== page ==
A Veterans Day story

WCCO Producer Dan Cook shares the story of his family's Civil War connection

Dan Cook
November 12, 2018 - 4:58 pm

Dan Cook

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I’m often asked what one of my tattoos means. It’s actually a combination of elements from a couple of Civil War battle flags.

Why?

I’ve been interested in the history of the Civil War since Ken Burns released his “Civil War” series on PBS in 1990. Combined with a couple of family vacations to Pennsylvania which included trips to Gettysburg, I was hooked in my teens on the amazing stories of the most cataclysmic war in our nation’s history.

But as far as I knew, I wasn’t related to anyone who served in the war. The paternal wing of my family came over from Ireland in the early 20th century, so that line was out. And while I knew the maternal wing of my family had immigrated from Canada, I thought that had happened well after the war. That was until my mom started doing some digging and found a wing of her father’s family that had immigrated in the mid-19th century.

Edward LeMire (nee Lemere) was born in 1840 in rural Wisconsin. He joined Company F of the 25th Wisconsin Volunteer Infantry in 1864, just in time to be shipped south to be attached to Sherman’s Army of the West, and take part in the Battle of Atlanta. “Uncle Ed” – as I’ve come to know him – was captured in one of his first battles near Decatur, GA.

Dan Cook

After being captured, he was sent to Andersonville – the most notorious prison in the Civil War. The only person ever convicted of, and executed for war crimes during the Civil War was Captain Henry Wirz, the commandant of Andersonville. That’s how horrible the conditions were and how poorly the prisoners were treated.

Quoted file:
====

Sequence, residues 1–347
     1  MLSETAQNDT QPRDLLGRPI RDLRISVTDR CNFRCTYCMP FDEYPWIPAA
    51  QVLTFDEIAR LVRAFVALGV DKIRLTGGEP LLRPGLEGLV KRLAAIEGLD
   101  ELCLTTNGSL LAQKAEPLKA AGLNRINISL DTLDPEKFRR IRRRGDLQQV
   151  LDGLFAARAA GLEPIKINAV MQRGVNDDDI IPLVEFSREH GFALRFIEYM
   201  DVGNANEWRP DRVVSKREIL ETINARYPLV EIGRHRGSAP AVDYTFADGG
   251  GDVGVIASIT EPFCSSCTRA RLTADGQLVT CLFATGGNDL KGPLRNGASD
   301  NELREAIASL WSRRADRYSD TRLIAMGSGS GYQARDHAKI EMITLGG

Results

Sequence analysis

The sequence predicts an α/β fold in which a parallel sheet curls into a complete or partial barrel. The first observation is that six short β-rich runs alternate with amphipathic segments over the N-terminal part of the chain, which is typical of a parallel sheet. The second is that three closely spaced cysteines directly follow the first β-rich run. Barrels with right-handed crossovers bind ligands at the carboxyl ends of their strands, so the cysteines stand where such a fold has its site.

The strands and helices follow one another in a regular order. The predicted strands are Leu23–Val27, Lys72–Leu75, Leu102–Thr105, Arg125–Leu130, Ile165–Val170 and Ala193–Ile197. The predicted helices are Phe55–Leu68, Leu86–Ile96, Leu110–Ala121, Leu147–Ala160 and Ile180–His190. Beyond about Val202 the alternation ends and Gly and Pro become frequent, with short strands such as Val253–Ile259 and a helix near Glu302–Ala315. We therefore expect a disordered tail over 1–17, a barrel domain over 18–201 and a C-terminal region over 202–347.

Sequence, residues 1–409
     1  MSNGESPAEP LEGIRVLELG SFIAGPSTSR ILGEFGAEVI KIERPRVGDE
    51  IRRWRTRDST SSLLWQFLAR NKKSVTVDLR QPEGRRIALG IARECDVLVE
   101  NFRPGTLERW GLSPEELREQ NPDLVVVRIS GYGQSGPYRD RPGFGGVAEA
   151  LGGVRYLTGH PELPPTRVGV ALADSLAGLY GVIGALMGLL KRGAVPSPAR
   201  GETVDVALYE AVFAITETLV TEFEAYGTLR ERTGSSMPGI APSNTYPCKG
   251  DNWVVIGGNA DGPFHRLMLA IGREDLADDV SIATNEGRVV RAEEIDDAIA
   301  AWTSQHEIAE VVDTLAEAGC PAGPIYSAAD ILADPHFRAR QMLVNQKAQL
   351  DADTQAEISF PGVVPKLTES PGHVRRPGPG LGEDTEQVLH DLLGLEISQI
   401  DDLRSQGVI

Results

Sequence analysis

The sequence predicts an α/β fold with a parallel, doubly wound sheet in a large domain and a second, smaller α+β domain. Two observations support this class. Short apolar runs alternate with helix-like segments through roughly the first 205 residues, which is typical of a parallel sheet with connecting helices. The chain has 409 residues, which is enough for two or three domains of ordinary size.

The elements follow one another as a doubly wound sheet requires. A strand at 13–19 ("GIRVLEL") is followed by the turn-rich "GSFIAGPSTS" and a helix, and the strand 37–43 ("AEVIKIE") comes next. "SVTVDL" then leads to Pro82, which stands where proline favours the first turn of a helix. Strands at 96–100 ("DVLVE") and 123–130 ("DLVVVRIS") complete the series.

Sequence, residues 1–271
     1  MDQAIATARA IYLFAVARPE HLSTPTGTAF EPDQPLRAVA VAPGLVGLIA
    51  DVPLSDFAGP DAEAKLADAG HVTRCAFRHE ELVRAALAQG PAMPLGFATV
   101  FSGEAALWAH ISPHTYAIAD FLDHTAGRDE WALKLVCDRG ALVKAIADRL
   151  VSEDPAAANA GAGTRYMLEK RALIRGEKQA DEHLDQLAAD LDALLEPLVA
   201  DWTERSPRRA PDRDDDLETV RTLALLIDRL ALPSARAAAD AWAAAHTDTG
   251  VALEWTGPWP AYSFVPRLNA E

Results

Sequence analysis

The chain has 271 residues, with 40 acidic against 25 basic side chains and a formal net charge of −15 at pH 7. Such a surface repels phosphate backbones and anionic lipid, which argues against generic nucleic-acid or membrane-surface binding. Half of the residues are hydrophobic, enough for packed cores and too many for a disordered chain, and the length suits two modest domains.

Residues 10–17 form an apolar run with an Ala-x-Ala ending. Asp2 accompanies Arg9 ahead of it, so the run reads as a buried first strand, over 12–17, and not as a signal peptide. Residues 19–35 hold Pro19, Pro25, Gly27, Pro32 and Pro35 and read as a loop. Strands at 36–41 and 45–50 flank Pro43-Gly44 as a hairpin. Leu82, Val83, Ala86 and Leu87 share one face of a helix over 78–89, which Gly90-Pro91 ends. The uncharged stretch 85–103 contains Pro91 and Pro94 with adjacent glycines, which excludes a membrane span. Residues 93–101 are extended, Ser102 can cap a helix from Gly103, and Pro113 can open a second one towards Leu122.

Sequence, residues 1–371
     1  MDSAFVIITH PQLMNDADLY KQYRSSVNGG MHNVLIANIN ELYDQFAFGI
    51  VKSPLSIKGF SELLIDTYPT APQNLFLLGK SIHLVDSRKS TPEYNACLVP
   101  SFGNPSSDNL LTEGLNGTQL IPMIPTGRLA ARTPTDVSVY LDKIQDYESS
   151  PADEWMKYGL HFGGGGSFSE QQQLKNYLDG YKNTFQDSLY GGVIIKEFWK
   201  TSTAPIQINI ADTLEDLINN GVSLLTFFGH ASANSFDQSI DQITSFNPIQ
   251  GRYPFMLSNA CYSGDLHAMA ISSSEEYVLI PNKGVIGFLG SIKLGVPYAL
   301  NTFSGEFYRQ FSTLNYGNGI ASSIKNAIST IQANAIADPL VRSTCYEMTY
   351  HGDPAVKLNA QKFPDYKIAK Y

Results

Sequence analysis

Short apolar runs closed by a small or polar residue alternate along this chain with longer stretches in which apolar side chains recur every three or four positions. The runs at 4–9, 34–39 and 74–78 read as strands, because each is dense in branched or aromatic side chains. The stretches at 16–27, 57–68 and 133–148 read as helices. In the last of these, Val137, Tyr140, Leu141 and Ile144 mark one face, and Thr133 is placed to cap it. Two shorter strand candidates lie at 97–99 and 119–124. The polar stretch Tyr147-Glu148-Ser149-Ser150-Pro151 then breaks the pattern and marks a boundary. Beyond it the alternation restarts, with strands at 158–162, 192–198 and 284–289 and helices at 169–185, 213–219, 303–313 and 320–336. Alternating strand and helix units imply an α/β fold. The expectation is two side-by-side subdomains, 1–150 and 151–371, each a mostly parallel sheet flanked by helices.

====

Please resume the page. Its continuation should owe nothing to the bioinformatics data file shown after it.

Fortunately for Uncle Ed, his stay was a brief one – a matter of months. General Sherman liberated the prison in September of 1864. Having been considered to have “done their duty”, the freed prisoners – including Uncle Ed - who were healthy enough to be moved were sent to Washington D.C. to be mustered out of the army. Upon reaching the nation’s capital, he was attached to the 12th Wisconsin regiment and was granted a Honorable Discharge.

Uncle Ed spent the rest of his years in Somerset, WI, raising a family which several generations later would include my grandfather, Chet Durand who served his country in the Navy in WWII.

On this year’s observance of Veterans Day, we take time to say thank you to those who’ve served, including those who served in the single most defining conflict in this country’s history. Thank you Uncle Ed and thank you to all the veterans past and present.